Sometimes this might mean that you have to get down and teach them how to play. I’ve talked to many families who have shared with me that their young children don’t know how to play on their own. My kids have gone through periods where this has been the case – especially when they were younger. Sometimes, we need to get down on their level and give them some prompts to get the creative juices flowing. You can throw out some ideas such as playing house, store, doctor, etc. In these situations, you are the facilitator, you ask the questions. Try to encourage them to problem solve. If you are playing doctor, you might ask your child where to set up the office, ask them what they need in the office and what objects around your house could stand in for common tools a doctor might use. The idea here is that you want to keep it as open-ended as possible. Teach your kids to think outside the box, using their imagination and what they have around them.
5. Send them outside!
Send them outside. You could encourage them to build a fort, mud kitchen, have a battle, play house, try to catch lizards. Or don’t give them any ideas. Simply send them outside with instructions to “just play and don’t come back until dinner time.” As long as they are past the toddler years, let them find a space where there is some semblance of “alone” so that they can create, dream, play. My kids gravitate to the side yards and lose themselves in imaginary worlds. I only intervene if play gets unnecessarily rough or destructive (like the time they were caking the side of my house with mud).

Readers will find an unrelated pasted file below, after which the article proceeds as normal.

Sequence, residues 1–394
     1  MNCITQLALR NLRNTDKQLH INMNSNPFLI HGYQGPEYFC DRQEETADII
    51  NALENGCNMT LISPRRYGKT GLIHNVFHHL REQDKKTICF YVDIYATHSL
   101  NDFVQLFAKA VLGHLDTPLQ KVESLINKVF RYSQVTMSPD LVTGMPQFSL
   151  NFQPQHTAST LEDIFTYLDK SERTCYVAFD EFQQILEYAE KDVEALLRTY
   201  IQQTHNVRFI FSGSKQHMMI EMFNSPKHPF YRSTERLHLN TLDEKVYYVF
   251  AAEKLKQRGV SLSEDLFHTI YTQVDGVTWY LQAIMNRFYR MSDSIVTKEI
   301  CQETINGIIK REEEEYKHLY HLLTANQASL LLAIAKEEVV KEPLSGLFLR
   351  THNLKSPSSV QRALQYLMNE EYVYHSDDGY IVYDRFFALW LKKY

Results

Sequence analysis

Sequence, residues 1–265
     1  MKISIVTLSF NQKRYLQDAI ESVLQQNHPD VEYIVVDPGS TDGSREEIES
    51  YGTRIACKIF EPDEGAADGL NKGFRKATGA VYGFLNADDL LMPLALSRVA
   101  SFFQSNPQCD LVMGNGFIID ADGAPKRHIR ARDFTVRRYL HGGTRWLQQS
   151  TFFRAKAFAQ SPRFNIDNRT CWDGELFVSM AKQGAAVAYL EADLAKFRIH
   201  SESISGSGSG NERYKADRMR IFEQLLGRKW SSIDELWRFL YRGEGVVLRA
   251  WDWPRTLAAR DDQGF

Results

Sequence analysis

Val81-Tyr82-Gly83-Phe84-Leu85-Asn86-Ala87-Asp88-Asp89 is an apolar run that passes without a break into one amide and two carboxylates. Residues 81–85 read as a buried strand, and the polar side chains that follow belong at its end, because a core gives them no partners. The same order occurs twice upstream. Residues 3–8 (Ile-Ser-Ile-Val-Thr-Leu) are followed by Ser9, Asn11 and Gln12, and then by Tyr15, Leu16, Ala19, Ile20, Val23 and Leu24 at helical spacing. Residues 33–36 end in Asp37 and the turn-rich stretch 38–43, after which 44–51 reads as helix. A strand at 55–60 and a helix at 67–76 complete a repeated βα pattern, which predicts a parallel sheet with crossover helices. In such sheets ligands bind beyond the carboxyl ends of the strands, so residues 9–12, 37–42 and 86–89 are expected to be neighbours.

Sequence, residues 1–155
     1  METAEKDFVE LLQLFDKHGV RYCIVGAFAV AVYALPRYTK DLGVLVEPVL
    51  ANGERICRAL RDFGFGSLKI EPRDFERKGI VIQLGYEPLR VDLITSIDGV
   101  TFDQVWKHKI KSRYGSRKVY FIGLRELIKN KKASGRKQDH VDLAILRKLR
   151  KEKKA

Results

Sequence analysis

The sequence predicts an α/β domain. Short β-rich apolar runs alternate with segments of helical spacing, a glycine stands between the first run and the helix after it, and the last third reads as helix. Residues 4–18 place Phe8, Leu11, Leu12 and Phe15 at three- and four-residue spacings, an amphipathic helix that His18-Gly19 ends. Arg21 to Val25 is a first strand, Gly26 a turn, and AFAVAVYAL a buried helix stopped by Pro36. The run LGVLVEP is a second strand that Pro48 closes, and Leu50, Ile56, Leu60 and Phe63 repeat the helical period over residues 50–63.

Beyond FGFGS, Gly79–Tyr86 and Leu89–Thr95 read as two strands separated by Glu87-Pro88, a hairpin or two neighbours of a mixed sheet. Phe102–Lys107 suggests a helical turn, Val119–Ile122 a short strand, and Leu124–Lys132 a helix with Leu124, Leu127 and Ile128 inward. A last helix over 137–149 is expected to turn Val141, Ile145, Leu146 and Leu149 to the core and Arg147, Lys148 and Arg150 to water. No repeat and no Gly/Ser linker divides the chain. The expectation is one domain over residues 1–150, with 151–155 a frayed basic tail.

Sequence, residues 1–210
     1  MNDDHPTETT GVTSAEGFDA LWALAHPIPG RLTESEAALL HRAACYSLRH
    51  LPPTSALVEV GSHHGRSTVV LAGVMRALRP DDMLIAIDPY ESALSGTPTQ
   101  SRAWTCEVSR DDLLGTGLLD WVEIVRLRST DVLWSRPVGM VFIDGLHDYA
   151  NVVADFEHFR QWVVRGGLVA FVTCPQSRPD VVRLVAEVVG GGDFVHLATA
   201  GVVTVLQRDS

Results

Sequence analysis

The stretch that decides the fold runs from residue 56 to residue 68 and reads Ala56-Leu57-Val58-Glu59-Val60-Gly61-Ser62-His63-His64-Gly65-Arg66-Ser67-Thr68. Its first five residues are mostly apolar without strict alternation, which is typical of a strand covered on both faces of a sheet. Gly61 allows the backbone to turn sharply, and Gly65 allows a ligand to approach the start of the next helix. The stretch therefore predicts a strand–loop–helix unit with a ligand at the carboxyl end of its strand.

Richard Louv, in his fantastic book, Last Child in the Woods, mentions research revealing that when children play in natural play spaces, they’re far more likely to invent their own games, than in more structured settings — a key factor in becoming self-directed and inventive as children and later in life.
6. Give them Work.
Pay attention to this one. It’s GOLDEN. When I was a girl, uttering the words “I’m bored” meant getting assigned extra chores. We learned quickly to find creative ways to occupy ourselves. My mom’s philosophy was that if we didn’t know what do to then she would find more than enough constructive ways that we could help around the house. Putting in the mental effort to dream up something to do soon became far more tantalizing then the menial task of scrubbing baseboards. My mom was so devoted to this that she even put our co-op buddies to work one day when they complained of co-op being boring. That was the first and last time they did that. Trust me, this works. And if for some reason it doesn’t, you’ll have sparkling baseboards and shining windows indefinitely!
7. Resist the urge to fill your schedule.
Too much of a good thing, is too much. Where I live, you could literally sign your child up for a different program or activity to occupy their every waking moment. Again, mommy guilt can play a factor here as you hear what great programs everyone else is doing. I’m not saying that all programs and activities are bad. We did VBS two weeks ago and are in the middle of swim lessons right now. We simply want to protect our children’s free-time so they have that time to be bored… Ironically enough, an article came out this last week on this very topic that I shared on facebook. It lays out the many benefits of leaving room in your summer schedule for plenty of free-play! Let’s buck the cultural trends and move towards being more people-focused instead of program focused. It’ll be easier on our pocket books, our sanity, and our children’s development.